Dynasty BaseballTriple Play

TDG’s Triple Play: Chicago White Sox!

Your senior dynasty analysts enter the second season of the Triple Play! The regular feature breaks down an arm, a bat, and a prospect within each organization for your reading pleasure!

Listen to Adam (@TheStatCastEra), Keaton (@TheSpokenKeats), and Patrick (@TheGreenMagnus) on the Dynasty’s Child podcast and read their other analysis here at the site!

Michael Kopech, Age: 22, SP

Analysis by: Keaton O. DeRocher

Top Prospech

A secondary piece to Moncada in the mega-deal that sent Chris Sale to Boston, Michael Kopech was at the time the top pitcher in the Red Sox farm system, with a monster 70-grade fastball and a stellar plus slider. At that time, Kopech was considered to be destined for the bullpen, however the White Sox gave him every chance to make his way as a starter. Kopech rewarded their faith by proving he has the gusto to make it in the rotation. Kopech ate up Double-A to the tune of an 11.69 K/9 and 2.87 earned run average in 119 innings pitched, earning a promotion to Triple-A by the end of the 2017 season. Turning the page to 2018, he continued his tear at the Triple-A level, outdoing his Double-A performance, posting a 12.11 K/9 and a 3.00 earned run average in 126 innings pitched. As is the case with most fireballers, Kopech as had his fair share of struggles with walks; in 4 starts at the major league level, he was able to get more of a handle on that though, allowing only 1.26 BB/9 in 14 innings pitched, until he fell victim to the Tommy John Monster.

The Man, The Myth?

Kopech made waves in 2016 when making a Single-A start for Salem, he hit 105 on the radar gun with a fastball in the second inning. Now, Minor League guns have been said to be juiced, but even if it was generous by a couple of miles an hour, that’s some incredible heat. I had the pleasure of taking in Kopech’s rain-shortened debut against the Twins where he pulled out this nastiness:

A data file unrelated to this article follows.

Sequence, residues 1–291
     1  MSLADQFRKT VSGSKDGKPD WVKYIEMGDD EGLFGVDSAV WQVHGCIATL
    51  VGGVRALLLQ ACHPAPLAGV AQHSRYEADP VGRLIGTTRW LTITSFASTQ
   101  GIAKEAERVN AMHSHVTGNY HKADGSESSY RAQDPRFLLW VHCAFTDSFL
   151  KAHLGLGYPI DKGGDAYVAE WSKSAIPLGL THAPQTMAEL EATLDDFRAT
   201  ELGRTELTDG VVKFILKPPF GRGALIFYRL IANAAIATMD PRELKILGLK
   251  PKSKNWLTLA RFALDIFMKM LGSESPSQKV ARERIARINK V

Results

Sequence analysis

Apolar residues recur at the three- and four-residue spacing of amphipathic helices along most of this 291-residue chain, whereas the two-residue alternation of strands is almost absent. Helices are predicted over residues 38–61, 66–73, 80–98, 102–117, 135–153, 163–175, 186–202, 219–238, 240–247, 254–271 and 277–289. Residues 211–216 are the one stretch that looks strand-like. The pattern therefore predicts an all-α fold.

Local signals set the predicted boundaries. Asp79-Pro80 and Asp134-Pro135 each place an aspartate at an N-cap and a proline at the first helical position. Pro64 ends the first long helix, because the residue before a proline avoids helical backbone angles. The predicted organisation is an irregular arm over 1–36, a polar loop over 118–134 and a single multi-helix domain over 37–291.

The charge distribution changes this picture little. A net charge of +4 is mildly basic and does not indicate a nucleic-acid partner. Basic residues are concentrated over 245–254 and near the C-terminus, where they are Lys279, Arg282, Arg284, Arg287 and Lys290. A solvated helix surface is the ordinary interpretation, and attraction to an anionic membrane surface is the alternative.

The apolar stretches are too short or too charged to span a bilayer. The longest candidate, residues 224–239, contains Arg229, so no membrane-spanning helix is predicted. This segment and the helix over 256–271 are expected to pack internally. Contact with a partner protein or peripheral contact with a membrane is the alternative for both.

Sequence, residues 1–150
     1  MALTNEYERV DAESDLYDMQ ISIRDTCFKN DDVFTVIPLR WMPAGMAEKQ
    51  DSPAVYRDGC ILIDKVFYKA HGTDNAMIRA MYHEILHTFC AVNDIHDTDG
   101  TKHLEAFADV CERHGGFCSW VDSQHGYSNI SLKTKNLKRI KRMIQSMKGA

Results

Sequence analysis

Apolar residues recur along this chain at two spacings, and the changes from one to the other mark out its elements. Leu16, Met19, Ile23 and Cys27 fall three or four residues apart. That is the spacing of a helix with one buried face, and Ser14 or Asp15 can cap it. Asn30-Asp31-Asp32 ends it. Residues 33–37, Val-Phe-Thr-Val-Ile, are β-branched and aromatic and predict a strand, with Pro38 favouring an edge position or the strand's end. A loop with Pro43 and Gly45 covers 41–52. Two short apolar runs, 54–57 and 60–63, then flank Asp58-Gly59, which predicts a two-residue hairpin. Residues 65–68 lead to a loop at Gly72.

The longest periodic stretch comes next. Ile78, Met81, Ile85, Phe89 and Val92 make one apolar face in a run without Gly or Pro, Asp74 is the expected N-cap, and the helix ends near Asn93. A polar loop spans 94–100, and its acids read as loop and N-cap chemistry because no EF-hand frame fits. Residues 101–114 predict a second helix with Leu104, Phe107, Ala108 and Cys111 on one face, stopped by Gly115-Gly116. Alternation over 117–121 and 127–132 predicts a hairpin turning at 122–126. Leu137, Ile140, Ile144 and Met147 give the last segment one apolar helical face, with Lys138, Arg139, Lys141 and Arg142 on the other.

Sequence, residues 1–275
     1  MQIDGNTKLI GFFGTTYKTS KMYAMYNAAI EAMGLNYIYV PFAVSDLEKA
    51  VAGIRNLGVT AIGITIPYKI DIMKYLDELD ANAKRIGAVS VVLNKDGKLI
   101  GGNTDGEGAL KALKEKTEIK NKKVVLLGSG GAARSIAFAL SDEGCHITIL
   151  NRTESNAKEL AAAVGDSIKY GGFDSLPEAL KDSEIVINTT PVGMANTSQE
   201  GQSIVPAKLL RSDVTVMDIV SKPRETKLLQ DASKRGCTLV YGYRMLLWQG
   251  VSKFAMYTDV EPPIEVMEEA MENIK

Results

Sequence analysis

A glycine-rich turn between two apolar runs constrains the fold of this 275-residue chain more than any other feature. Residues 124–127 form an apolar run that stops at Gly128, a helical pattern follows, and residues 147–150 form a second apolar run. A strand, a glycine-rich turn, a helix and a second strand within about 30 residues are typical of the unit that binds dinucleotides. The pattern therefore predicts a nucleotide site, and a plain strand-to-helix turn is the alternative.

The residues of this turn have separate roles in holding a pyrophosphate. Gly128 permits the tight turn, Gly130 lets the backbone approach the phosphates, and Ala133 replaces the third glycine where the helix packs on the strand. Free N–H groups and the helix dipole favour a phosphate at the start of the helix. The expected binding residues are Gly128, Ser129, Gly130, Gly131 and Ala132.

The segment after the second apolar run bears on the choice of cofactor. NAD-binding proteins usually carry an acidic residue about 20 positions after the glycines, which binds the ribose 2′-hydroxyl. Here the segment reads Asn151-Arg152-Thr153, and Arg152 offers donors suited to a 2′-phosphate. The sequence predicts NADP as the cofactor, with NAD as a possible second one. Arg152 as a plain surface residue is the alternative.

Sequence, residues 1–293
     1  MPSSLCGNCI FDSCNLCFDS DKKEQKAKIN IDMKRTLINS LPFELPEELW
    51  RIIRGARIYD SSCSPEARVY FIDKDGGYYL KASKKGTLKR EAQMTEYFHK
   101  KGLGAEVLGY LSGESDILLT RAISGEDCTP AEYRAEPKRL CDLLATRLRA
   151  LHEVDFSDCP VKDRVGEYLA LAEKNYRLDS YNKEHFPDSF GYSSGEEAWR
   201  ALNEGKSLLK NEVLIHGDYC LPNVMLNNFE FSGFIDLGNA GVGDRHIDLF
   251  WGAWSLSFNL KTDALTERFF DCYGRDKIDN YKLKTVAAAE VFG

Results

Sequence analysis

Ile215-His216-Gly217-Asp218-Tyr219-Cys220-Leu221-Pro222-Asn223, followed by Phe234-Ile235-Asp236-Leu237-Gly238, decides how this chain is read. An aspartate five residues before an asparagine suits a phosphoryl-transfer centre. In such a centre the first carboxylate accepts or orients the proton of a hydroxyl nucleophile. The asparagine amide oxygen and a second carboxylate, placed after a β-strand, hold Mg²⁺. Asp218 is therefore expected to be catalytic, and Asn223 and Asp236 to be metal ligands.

A filthy running fastball that just dominated Miguel Sano. That at-bat ending in a strikeout when Kopech broke off this illness-inducing slider:

And in case those weren’t enough on their own to showcase Kopech’s filth, in a hat tip to the Pitching Ninja, here is an overlay of those two pitches showing how advanced his tunneling is, and just how difficult it is to pick up the pitch out of his hand:

Those two pitches don’t break apart until halfway to the plate! How on earth are you supposed to hit that? Well, you’re not and clearly, Sano couldn’t.

2020 Vision

Currently rehabbing from the aforementioned Tommy John, Kopech’s 2019 is lost. Looking ahead to 2020, which will be his age 24 season, he should be fully healthy and ready to rock. It will be worth monitoring if the progress he made on his walks carries over. Tommy John notwithstanding, once he’s back on the mound he has top of the rotation pedigree and stuff. Given the potential resurgence of Lucas Giolito, the White Sox pitching staff looks to be in rather good shape for the future. If the Kopech owner in your league has soured any based on the Tommy John set back, do anything you can to gobble him up, much like those pitches gobbled up Sano.

Tim Anderson, 25, SS

Analysis by: Adam Lawler


 (big voice narrator)


 The rebuild is a disaster! Nothing is going right! Moncada is a stunted prospect. Kopech’s arm has blown out. Dunning’s arm has blown out. Dylan Cease is a ticking time bomb. Lucas Giolito is trash and we’re not re-signing Carlos Rodon. Blake Rutherford and Luis Basabe are not even good IRL prospects. Luis Robert, Micker Adolfo, and Jake Burger are all made of glass. Zach Collins is going to be a worse Mike Zunino. Everything is bad. There is no hope. Just trade Eloy for, I don’t know, 3 supposedly top talented prospects and hit reset already.


The Shortest of Stops (2018 in review)

From a surface level fantasy perspective, Anderson did everything you could ask for last year. He stayed healthy, posted a 20/26 season, improved his walk rate (5%) while decreasing his strikeout rate (24.6%), and improved his defensive abilities. Power and speed! That’s good! Right?

Well, I would posit that Anderson is on shaky ground. Last year, among qualified shortstops, he was still in the bottom 5 of walk rate and top 5 of whiff rate. Among that group, only Alcides Escobar had a worse on-base percentage. His xBA (.227) was worse than his .240 average. How? One could reasonably guess the computer nerds saw an exit velocity and hard-hit rate in the bottom 10th percentile, threw up in their mouths a little bit, and said they’d rather have Anderson’s predecessor, Marcus Semien. Pair that with a fringy 10.5 degree launch angle – something that’s barely on the cusp of a line drive – and you are hoping these soft dribblers find infield holes, just get over the heads of an outstretched glove, or allow Anderson to use his speed to beat out a play.

Not a great recipe.

Paler Than A Ghost (2019 season expectations)